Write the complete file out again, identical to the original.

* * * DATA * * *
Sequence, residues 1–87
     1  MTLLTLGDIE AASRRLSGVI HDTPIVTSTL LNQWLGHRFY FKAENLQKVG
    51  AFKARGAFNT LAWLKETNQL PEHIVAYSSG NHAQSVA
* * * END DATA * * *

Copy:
Sequence, residues 1–87
     1  MTLLTLGDIE AASRRLSGVI HDTPIVTSTL LNQWLGHRFY FKAENLQKVG
    51  AFKARGAFNT LAWLKETNQL PEHIVAYSSG NHAQSVA